Three years later, more details of Willis Bond’s deal were revealed – the council had given them a lease of 125 years for $1 a year. Peter Love of the Port Nicholson Block Settlement Trust said this was “a joke” and the trust would have jumped at the chance to secure the site:

“What a deal. We could go to our bankers tomorrow and say, `We’ve got a lease on a classic piece of waterfront property at $1 a year.’ Who’s not going to give us $32 million?” He … questioned the financial return for Wellington ratepayers.

Wellington Waterfront Ltd’s Ian Pike defended the deal, and said the idea that the council could have fixed the wharf itself was not considered because property development was a risky business for a local authority. (Willis Bond’s deal included spending $16m repiling the wharf.) He said his council-owned company could not sell waterfront land freehold so was required to charge a peppercorn rental to guarantee developers’ occupation rights.

Willis Bond’s history of being the city council’s preferred developer for publically-owned waterfront sites also includes three buildings which it restored rather than demolishing – the Odlins Building (renamed the NZX Centre), its neighbour Shed 22 (now Mac’s Brewery), and the Free Ambulance Building. Its deals with the city for these three buildings have never been made known – they’re hidden behind the excuse of “commercial confidentiality.”

But another “peppercorn rental” deal between Willis Bond and the council was uncovered in 2011, when two buildings in its Chews Lane development went on the market – the ground lease negotiated with the council for the publically-owned land was $1 a year for 250 years. The real estate agent selling the apartments said this concession had been needed to make the Chews Lane development viable for Willis Bond. We commented:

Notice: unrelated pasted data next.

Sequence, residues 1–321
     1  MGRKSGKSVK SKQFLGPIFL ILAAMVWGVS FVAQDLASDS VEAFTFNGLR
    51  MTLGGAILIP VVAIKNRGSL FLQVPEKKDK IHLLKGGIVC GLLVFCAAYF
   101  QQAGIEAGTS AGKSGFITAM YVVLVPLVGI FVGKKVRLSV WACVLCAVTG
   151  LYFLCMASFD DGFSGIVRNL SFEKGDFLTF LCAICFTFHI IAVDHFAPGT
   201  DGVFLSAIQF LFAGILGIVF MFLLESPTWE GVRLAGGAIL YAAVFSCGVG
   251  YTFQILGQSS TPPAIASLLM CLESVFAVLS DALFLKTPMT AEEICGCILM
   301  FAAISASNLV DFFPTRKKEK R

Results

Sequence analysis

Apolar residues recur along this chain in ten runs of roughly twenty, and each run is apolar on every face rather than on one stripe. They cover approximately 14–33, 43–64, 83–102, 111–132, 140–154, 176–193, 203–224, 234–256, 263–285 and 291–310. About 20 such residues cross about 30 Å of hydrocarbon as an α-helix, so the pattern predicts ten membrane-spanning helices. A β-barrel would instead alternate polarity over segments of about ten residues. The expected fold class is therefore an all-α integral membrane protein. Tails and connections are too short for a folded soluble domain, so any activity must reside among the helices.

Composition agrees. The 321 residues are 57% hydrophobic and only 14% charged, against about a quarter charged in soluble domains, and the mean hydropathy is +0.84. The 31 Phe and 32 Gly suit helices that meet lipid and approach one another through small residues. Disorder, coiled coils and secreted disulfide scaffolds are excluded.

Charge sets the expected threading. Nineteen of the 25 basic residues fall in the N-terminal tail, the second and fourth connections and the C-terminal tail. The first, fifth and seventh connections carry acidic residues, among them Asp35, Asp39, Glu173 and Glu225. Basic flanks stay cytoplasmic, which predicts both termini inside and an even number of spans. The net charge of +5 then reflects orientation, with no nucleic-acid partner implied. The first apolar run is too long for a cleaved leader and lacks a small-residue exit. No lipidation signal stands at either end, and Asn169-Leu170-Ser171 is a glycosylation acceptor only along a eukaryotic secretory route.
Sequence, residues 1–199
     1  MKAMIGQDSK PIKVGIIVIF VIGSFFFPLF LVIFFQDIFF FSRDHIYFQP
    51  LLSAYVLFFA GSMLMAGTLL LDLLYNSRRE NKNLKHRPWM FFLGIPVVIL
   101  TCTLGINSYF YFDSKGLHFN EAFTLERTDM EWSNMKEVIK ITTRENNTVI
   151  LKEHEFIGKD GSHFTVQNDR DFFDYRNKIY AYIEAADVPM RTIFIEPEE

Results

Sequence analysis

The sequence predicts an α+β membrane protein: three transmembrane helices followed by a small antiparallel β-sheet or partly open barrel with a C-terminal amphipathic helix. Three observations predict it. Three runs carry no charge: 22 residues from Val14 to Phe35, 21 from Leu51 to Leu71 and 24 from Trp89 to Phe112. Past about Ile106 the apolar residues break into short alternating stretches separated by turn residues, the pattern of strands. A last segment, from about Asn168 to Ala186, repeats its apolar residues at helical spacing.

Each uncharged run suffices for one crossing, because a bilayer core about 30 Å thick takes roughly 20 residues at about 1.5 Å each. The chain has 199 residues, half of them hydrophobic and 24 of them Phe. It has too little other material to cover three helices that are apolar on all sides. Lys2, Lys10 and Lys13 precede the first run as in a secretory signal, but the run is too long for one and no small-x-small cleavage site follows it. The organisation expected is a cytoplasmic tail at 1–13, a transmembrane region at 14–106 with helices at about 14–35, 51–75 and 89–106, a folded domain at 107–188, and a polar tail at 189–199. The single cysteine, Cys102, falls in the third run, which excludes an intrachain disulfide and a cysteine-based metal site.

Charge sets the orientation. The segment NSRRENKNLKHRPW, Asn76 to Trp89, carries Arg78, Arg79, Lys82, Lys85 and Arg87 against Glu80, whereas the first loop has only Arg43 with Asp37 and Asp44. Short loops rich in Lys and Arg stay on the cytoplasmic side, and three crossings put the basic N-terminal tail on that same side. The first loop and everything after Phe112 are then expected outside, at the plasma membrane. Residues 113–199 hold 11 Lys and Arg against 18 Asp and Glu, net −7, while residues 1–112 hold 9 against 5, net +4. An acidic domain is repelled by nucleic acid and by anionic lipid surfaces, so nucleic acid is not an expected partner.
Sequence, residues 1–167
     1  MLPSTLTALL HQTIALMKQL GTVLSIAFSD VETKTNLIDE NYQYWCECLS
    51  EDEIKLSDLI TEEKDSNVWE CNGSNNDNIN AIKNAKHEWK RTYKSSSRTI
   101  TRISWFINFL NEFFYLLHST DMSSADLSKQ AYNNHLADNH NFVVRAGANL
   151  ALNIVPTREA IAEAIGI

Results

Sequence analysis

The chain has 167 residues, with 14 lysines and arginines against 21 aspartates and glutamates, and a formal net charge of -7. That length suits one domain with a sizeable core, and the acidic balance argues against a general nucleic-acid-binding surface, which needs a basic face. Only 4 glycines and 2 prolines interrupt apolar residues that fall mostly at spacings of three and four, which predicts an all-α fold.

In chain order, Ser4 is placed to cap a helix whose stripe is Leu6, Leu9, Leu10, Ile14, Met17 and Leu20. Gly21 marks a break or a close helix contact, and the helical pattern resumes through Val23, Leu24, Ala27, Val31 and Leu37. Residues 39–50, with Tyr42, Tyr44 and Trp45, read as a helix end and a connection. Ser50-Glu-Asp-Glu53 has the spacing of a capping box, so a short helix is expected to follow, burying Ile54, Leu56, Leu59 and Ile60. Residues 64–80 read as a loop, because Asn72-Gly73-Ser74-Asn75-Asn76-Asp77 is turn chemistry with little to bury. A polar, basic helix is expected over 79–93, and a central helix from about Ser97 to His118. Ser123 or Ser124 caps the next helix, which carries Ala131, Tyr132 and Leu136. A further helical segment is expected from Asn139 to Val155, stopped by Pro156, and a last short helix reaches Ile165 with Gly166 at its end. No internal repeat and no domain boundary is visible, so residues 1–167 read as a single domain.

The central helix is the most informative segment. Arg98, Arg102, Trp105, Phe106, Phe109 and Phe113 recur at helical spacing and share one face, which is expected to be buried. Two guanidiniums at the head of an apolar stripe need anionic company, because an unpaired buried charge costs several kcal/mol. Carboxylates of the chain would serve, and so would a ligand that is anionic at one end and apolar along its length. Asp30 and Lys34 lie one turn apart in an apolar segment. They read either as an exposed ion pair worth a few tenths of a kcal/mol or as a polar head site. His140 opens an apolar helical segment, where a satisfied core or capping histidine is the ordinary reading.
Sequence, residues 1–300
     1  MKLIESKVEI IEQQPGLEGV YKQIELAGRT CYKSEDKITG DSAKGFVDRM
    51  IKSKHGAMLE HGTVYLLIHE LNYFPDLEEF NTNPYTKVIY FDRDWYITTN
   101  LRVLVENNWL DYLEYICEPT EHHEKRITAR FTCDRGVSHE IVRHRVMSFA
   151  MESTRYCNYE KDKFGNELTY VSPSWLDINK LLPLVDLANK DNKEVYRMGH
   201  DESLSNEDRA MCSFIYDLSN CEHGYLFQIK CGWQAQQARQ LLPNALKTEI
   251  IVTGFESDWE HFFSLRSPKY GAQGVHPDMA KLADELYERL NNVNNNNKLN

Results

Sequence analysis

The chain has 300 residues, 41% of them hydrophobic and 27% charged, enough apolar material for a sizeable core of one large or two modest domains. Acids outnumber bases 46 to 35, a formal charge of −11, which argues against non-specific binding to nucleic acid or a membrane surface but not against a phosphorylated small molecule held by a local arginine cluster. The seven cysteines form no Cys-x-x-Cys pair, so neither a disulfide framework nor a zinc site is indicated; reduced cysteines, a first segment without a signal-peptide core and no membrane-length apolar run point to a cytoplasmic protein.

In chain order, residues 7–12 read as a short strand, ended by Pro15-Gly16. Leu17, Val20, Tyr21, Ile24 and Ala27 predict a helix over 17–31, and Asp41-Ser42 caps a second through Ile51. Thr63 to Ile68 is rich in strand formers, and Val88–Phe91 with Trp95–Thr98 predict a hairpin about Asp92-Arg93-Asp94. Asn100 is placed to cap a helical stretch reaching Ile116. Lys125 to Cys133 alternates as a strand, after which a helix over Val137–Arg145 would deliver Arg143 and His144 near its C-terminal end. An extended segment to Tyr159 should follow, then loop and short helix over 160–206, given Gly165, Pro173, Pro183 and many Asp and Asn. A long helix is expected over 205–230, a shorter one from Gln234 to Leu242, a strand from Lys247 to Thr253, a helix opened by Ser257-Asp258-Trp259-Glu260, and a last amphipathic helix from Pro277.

…the council’s generosity benefits more than the developer. It now becomes an even sweeter deal for the family trusts or high net worth individuals who will become the buildings’ new owners and who will collect a net annual income of more than $900,000 a year. They could pay the entire 250-year lease from their petty cash.

Most recently, Willis Bond’s influence is visible at the other end of town, where it is building a six-storey office block on publically-owned waterfront land in the Kumutoto precinct. In 2013, at the recommendation of Wellington Waterfront Ltd, councillors agreed that Willis Bond would be their “preferred developer” for the site after what was described as a “rigorous selection process.”

Today’s report about building a hotel on the publically-owned land next to the Michael Fowler Centre raises the question of whether there’s to be a rigorous selection process before a developer is chosen. Or do the talks with Willis Bond indicate that the council has already made up its mind? A figure of between $6.5million and $8.5million is mentioned as the value of the lease, money which the council says would help pay for seismic strengthening around Civic Square. But will the council be able to overcome its predeliction for dollar a year deals? And will developers other than Willis Bond get a chance to compete for the project?